Your Excellencies, High Commissioners and Ambassadors Designate,
Members of the Diplomatic Corps,
Ladies and Gentlemen,
I greet you all.
I am honoured to formally welcome you to the southernmost part of the African continent, our beloved country, the Republic of South Africa.
I wish to congratulate you, Your Excellencies, on your appointment to be the esteemed representative of your respective countries within our shores for the next few years.
I wish you success in the execution of all your responsibilities.
Your presence here is a clear confirmation that South Africa indeed has friends.
It has friends on whom it can rely as it plays its role in the struggle for a world that observes and respects the equality of all people and indeed of all sovereign states.
It is friends like you with whom we seek to work to protect and strengthen the rules-based multilateral system of global governance.
We should work together discourage unilateralism in matters of international trade and security.
The history of the modern world provides ample evidence of the shortcomings and potential damage of unilateral action.
We must work together to defend the integrity of our multilateral institutions by ensuring that they are effective, inclusive and truly democratic.
No country must be made to feel that its views are not important and that decisions of intergovernmental organisations are predetermined by a few based on their economic and military power.
The structure of the United Nations Security Council, for example, remains an area of great concern for many of us, especially countries of the South.
We will therefore seek broad cooperation as we strive for the fundamental reform of the Security Council as part of the democratisation of all multilateral bodies charged with ensuring peace, security and sustainable development.
We must strengthen these institutions because they are best placed to drive solutions to some of the stubborn challenges we are facing as a global community.
These include poverty, inequality, war, terrorism and climate change.
These challenge are inter-related and mutually reinforcing.
We will not be able to end conflict and achieve peace unless we tackle poverty and reduce inequality.
A more peaceful and stable world creates the conditions for greater and more inclusive economic growth.
I am certain that we can work together to advance the cause of a progressive humanity because of the many bonds that tie our nations together the most important of which is our shared and common desire to create a more just and humane world.
You are arriving in our country at a time when we are seized with efforts to revive our economy, create jobs, alleviate poverty and significantly reduce inequality.
To this effect, we will be hosting the second South Africa Investment Conference next month, from the 5th to the 7th of November.
It is at that conference where business leaders and investors from all around the world and our own country will be able to explore the abundant investment opportunities in our country across a broad range of dynamic sectors that make up our economy.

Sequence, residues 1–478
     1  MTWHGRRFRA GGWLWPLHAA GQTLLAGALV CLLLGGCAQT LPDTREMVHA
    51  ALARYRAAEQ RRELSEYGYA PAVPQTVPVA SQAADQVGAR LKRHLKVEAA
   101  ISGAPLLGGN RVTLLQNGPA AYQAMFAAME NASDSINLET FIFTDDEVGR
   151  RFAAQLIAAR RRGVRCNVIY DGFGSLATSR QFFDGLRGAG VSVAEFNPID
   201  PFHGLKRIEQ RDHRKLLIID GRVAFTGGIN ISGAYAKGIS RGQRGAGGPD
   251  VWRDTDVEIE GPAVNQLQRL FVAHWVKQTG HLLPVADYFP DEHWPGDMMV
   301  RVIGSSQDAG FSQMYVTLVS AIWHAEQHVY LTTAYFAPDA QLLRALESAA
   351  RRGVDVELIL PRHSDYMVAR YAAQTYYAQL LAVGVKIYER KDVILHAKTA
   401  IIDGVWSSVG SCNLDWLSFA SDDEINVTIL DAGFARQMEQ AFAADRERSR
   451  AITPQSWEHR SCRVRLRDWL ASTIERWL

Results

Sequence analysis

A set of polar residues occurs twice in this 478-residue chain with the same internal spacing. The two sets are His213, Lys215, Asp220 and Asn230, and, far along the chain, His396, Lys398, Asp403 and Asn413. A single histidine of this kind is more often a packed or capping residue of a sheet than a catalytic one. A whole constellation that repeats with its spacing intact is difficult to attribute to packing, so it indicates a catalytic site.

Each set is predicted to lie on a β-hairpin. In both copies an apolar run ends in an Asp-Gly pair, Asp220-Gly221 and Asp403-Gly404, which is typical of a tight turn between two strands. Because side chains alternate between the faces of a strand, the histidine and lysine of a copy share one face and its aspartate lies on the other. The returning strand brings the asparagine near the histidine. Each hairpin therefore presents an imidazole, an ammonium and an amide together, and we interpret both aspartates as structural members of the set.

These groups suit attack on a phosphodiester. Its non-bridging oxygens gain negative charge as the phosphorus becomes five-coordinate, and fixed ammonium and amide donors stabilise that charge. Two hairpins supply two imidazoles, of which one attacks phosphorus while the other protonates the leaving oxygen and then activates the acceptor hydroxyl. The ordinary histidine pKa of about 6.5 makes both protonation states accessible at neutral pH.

From mining to agriculture, from advanced manufacturing to renewable energy, South Africa offers much to investors that are seeking new frontiers of growth and new nodes of profitability.
We have prioritised efforts to reduce the cost and improve the ease of doing business in our country.
Working with our partners in business, labour and communities, we are removing regulatory and other obstacles to greater investment.
We are making it easier and less costly for tourists and business people to visit our shores, and we are making it easier to attract really valuable skills from abroad.
We welcome investors from your respective countries to attend this Investment Conference and to see for themselves the potential for opportunities that exist in South Africa.
We have placed the imperative of greater and more inclusive growth at the top of our national agenda because we seek to create a better life for all the people of South Africa.
We are working to address the devastating effects of our apartheid past as we also seek to overcome some of the reversals of the last decade.
Our transformation process is wholesome and comprehensive.
We have made much progress in building and rebuilding public institutions that were damaged by state capture and corruption and restore confidence in our law enforcement agencies.
We have strengthened the fight against crime and violence, which to the distress of our people continues to plague our country.
It is important also that I reflect on an occasion such as this on the recent public violence that was directed, at least in part, against foreign nationals living in our country.
This violence during which both South Africans and foreign nationals lost their lives and properties is an affront to the values which we hold dear.
We condemn such heinous acts of criminality, which should never again happen in our land.
We are committed to respect the rights of all people within our borders, to strengthen the rule of law and to promote tolerance and understanding.
We are also working to address the specific social and economic factors that gave rise to frustration and anger among some of our people.
For decades, South Africans have lived peacefully alongside people from other parts of the African continent and beyond sharing resources, learning from one another and deepening our multiculturalism, including through marriage.
We have a responsibility as leaders to understand the reality of international migration and put in place fair, sustainable and rights-based policies to manage it.
As the government and the people of South Africa, we look forward to deepening our economic partnership, political dialogue and cooperation on matters of mutual interest.
I wish you an enjoyable and meaningful stay in South Africa.
I thank you.
Source: The Presidency Republic of South Africa